John E. Rickards
John Ezra Rickards
|2nd Governor of Montana|
January 2, 1893 – January 3, 1897
|Lieutenant||Alexander C. Botkin|
|Preceded by||Joseph Toole|
|Succeeded by||Robert Smith|
|1st Lieutenant Governor of Montana|
|Succeeded by||Alexander Campbell Botkin|
|Born||July 23, 1848|
Delaware City, Delaware
|Died||December 26, 1927 (aged 79)|
John Ezra Rickards (July 23, 1848 – December 26, 1927) was a Republican politician in the Montana legislator. He served as the first Lieutenant Governor of Montana, and the second Governor of the state of Montana.
Rickards was born to David T. Rickards and his second wife, the former Mary Burris in Delaware City, Delaware and was educated in the public schools of his home state. His mother died when he was a young boy and for a time he Eliza lived and labored on an uncle's farm. In 1857, Rickards became a clerk in Philadelphia, Pennsylvania where his father was living with his third wife and their two daughters. The younger Rickards moved to Pueblo, Colorado in 1870 and was a clerk and a bookkeeper until 1873. He married Lizzie M. Wilson, born 19 April 1848 in Newark, Delaware, on 5 July 1876. The couple moved to California, and had three sons, Homer Crary (1877-1907), Earl Merritt (1878-1884), and Seward Adams (1880-1964). The family was living in Oakland by 1880. Lizzie died in San Francisco at the age of 33 on 18 May 1881. Rickards was a salesman in the mercantile business, and also involved in real estate, insurance and the oil industry. After Lizzie's death he moved to Butte, Montana in September 1882 and became a successful businessman in those fields. Rickards married Canadian-born Eliza Anne (Ellis) Boucher on 18 June 1883, in Ogden, Utah. She brought a daughter, Harriet Ellis Boucher, into the marriage. The Rickards then had five children: Howard Burris (1884-1952), Carlisle (1885-1958), "Baby" (1886), John Ezra (born and died in 1889), and Rachel (1891-1954). The Rickards were active lay leaders in the Methodist-Episcopal Church. After his stint as governor, Rickards, his wife, and five surviving children aged 9–24 moved back to Butte, Silver Bow County, Montana. By 1908, John, Eliza and Ellis were living in Berkeley, California. In 1914, the three were registered Progressives but 1916, they were once again registered Republicans.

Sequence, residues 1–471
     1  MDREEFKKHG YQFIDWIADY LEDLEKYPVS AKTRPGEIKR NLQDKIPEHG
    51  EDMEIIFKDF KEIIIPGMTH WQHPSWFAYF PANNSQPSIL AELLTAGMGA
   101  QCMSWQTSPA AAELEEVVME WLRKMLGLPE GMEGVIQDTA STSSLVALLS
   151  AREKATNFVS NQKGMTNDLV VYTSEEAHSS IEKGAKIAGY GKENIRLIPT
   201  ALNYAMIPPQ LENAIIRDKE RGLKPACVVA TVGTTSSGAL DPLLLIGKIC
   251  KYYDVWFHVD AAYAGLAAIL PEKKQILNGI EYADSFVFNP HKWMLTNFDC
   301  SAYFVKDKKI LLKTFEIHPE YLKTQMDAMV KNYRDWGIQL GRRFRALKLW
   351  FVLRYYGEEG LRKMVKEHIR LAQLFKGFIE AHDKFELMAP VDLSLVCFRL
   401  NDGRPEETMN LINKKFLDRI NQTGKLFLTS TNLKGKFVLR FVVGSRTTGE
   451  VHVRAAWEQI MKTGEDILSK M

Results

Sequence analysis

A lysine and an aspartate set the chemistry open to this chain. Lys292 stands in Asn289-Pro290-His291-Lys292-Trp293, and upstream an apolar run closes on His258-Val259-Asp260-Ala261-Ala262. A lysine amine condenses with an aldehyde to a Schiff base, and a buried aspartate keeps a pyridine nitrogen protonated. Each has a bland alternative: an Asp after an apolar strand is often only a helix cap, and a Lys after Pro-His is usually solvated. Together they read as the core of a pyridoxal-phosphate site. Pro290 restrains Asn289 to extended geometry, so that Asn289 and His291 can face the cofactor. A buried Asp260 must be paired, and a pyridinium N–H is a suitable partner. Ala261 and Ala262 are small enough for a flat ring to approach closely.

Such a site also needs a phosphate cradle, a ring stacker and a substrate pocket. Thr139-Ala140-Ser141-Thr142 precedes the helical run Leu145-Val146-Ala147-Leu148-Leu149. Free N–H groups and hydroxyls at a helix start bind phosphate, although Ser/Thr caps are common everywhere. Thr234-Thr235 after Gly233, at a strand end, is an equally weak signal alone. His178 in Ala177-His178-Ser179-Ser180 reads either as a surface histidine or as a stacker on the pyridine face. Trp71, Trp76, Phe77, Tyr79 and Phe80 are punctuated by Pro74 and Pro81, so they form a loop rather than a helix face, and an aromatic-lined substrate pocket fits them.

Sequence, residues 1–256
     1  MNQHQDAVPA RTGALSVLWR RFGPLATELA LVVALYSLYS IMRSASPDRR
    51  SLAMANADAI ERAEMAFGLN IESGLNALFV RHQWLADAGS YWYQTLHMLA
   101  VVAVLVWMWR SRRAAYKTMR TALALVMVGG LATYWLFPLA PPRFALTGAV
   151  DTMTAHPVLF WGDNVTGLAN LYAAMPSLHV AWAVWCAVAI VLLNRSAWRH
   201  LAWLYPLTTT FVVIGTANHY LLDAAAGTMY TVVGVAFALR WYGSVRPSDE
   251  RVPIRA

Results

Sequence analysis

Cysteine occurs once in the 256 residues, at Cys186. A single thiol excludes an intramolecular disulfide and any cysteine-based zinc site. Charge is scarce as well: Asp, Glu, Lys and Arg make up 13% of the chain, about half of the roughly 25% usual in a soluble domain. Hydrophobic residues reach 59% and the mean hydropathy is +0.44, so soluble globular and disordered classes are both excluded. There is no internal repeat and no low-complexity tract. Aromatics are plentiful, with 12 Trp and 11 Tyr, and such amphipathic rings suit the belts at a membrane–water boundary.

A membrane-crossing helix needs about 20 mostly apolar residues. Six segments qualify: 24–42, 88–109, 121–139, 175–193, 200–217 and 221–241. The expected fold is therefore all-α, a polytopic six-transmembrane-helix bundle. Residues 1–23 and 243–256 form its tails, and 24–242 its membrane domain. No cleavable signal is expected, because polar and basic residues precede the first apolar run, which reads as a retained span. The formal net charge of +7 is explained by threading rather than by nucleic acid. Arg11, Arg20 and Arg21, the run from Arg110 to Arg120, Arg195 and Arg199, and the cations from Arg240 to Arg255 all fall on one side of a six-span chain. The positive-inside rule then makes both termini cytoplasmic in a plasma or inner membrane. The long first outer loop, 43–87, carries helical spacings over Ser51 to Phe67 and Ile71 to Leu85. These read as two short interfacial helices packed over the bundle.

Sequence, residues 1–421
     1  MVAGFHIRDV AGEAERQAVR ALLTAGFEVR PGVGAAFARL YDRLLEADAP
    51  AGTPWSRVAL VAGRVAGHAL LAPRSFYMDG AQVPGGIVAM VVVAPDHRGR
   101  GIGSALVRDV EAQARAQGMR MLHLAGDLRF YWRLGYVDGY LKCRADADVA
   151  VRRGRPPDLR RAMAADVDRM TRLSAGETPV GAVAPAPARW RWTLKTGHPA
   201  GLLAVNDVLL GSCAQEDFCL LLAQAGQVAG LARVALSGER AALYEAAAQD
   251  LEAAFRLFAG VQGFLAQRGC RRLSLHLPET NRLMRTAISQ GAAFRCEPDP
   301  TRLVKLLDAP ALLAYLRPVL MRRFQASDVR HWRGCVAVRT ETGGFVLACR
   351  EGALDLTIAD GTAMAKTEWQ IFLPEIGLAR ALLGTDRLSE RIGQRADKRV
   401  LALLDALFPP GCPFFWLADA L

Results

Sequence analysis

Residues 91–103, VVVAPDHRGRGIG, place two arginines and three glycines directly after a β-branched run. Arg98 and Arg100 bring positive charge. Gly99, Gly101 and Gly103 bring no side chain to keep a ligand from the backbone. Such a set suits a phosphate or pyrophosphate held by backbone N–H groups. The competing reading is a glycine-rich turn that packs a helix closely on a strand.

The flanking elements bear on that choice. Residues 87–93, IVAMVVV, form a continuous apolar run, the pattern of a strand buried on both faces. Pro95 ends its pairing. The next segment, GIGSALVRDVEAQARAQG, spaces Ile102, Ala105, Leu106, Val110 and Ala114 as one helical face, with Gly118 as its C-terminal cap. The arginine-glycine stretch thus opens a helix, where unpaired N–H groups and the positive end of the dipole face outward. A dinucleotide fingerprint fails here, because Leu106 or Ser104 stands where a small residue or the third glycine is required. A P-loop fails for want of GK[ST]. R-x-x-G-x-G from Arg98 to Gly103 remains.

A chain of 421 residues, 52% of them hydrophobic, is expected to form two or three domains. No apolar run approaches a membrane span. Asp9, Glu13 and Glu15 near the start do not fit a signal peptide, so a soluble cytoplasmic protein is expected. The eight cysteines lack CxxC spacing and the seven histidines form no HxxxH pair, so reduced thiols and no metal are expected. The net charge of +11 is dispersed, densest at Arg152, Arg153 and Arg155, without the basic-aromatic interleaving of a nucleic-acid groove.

Rickards was elected Alderman of Butte in 1885. He was a member of the territorial legislature from 1888 to 1889, and was a delegate to the state constitutional convention in 1889.
Rickards, a Republican, was elected as Montana's first lieutenant governor in 1888 at the same time that Joseph K. Toole, a Democrat, was chosen as Montana's first governor. He served from 1889 to 1893.
Rickards served as the second Governor of Montana from 1893-97. While continuing to build Montana's infrastructure, he is credited for overseeing the creation of the state legal code and the state board of education, and an anti-gambling bill was sanctioned during his tenure.
Rickards died of angina pectoris and chronic myocarditis at his Berkeley, Alameda County, California home on 26 December 1927. His death certificate notes that he was retired from a special appointment to the U.S. Agricultural Secretary. His cremains are interred at Chapel of the Chimes in Oakland, California.
- "Former State Governors". www.netstate.com. Retrieved October 8, 2013.
- Family documents.
- John E Rickards. The Encyclopedia of Montana. January 2000. ISBN 9780403096046. Retrieved 8 October 2012.
- "John E. Rickards". The Political Graveyard. Retrieved 8 October 2012.
- 1900 Federal Census.
- California Voter Registrations 1900-1968.
- "Montana Governor John Ezra Rickards". National Governors Association. Retrieved October 10, 2012.
- "John E. Rickards". National Governors Association. Retrieved 8 October 2012.
- "John E. Rickards". The Encyclopedia of Montana. Retrieved 8 October 2012.
- California State Board of Health, Bureau of Vital Statistics, Standard Certificate of Death
- Montana Capitol
- State of Montana profile
- National Governors Association biography
- The Political Graveyard
- The Encyclopedia of Montana